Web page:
NEW YORK -- WHEN A mortgage broker approached a Michigan mortgage company last year, offering to sell it some attractive mortgage loans, the company was interested. But first, it ran the broker's name through the 3-year-old National Financial Fraud Exchange (NAFEX).The broker had said that he'd practiced law in Joliet, Ill. -- which turned out to be true, in a way. He had been in state prison there. His "law practice" consisted of filing appeals for his own release.Somewhere, that broker is still at work -- probably selling financial products and doubtlessly heading for another forced stay in Illinois.
BUSINESS
By David Conn and David Conn,Staff Writer | November 3, 1992
Bank Maryland Corp., the Towson-based parent of the Bank of Maryland, said its results are continuing to improve compared with a year ago, despite the fact the company has yet to break into profitability.The company said it lost $90,000, or 4 cents a share, in its third quarter ended Sept. 30, compared with a $2.5 million loss, or $1.24 a share, in the third quarter of 1991.For the first nine months of the year, Bank Maryland lost $323,000, or 16 cents a share, compared with a loss of $3.4 million, or $1.66 a share a year ago.The company's stock, which typically trades thinly over the counter, did not trade yesterday, but rose 75 cents a share, to close at $4.25, on Friday when the results were announced.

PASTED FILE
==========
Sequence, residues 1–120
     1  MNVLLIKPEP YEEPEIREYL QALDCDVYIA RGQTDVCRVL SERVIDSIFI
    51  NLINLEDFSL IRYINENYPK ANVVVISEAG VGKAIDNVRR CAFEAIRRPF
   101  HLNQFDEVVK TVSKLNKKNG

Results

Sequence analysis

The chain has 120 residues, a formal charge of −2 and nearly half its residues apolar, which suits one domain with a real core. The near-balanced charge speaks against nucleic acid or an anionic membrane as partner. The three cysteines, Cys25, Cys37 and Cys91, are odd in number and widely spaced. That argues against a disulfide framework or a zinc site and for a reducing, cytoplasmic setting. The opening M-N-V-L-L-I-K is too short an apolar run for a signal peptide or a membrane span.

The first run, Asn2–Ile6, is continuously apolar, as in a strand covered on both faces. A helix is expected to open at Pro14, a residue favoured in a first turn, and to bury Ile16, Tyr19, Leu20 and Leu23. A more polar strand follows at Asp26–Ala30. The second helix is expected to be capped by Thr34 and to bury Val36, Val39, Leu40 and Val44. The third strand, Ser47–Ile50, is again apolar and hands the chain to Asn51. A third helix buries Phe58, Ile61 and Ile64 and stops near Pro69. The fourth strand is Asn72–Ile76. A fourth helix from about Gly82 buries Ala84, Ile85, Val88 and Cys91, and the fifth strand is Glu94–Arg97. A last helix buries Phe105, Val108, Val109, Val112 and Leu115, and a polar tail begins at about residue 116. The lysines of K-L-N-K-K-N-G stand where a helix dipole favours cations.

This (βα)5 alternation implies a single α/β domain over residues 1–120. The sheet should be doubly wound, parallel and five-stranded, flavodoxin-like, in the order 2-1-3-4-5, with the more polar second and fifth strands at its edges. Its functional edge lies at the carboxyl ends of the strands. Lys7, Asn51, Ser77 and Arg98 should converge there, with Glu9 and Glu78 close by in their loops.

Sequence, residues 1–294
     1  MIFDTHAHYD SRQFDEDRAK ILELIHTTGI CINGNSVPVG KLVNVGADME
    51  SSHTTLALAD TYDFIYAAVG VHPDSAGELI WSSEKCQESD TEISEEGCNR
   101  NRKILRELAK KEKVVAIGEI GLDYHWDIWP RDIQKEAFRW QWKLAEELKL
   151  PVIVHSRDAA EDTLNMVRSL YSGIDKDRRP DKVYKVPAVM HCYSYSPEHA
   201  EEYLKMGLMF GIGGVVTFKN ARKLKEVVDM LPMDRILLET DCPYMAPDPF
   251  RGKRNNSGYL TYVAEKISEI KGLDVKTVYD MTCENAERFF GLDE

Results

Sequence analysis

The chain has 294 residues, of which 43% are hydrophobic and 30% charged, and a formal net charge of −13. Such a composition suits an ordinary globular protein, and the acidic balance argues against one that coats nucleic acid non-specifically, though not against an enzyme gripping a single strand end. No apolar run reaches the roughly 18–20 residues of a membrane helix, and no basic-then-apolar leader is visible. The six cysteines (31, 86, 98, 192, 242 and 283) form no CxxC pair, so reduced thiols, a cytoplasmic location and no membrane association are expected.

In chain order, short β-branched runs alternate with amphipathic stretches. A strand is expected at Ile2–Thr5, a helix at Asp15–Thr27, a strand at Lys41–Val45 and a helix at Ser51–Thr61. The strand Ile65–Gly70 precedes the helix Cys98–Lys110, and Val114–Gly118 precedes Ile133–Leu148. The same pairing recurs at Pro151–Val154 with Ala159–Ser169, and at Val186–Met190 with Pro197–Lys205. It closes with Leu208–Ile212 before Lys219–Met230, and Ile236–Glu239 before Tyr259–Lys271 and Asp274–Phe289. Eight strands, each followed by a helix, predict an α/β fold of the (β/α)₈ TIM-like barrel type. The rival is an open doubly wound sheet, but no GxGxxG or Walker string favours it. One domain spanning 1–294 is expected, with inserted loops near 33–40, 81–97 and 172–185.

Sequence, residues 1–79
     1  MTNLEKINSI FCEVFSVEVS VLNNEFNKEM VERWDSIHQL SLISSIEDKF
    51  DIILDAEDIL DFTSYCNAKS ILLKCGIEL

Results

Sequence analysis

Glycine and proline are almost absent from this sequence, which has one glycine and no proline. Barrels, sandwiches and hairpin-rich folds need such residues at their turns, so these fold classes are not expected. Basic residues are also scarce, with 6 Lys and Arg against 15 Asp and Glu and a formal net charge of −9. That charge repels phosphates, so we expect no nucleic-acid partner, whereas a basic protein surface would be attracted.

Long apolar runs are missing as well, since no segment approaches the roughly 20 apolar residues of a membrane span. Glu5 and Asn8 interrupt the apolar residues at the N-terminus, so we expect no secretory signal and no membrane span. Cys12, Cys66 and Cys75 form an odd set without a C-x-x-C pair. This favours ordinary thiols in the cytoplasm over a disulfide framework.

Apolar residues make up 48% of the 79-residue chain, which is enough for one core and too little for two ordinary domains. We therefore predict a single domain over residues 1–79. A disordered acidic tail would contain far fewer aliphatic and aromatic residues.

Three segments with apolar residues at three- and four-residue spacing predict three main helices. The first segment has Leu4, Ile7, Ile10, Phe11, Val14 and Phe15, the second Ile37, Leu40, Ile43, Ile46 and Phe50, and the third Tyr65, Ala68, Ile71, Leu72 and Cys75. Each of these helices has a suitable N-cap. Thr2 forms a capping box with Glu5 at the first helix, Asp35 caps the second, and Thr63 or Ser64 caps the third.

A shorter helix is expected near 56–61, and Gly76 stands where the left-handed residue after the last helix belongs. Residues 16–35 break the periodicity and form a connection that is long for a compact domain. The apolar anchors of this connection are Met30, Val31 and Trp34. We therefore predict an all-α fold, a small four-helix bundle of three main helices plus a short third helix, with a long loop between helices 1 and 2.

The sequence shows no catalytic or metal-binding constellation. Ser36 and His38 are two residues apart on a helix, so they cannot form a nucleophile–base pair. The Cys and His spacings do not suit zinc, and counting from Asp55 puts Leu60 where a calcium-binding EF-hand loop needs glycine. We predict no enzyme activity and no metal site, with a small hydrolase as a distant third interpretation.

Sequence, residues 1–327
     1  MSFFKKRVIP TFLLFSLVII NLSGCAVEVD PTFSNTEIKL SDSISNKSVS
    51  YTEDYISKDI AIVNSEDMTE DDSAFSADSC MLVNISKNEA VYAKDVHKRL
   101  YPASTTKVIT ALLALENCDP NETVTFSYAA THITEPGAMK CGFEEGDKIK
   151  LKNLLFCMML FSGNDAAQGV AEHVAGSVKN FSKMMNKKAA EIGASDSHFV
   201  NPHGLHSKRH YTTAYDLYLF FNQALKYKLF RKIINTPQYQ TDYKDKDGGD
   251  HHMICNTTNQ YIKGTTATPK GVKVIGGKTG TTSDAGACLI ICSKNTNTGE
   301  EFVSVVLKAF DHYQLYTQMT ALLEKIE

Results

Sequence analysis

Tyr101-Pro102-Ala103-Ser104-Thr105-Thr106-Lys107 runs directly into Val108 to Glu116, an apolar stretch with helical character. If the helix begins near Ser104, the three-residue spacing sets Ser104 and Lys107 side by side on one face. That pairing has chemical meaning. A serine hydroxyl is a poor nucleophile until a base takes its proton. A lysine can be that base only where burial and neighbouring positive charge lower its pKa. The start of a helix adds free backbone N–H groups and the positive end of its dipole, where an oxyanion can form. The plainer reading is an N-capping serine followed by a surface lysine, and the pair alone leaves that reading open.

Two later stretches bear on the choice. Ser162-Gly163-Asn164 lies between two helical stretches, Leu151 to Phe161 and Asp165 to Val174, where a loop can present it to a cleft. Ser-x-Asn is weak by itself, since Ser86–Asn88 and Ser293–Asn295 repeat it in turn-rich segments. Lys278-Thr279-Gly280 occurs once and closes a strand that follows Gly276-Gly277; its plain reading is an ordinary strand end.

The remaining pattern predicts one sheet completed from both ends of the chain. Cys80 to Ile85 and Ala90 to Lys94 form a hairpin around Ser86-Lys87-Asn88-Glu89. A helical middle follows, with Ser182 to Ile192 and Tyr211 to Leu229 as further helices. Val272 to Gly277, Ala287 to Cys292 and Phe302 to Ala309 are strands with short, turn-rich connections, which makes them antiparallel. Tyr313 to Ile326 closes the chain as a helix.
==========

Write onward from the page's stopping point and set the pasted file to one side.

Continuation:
BUSINESS
May 2, 1992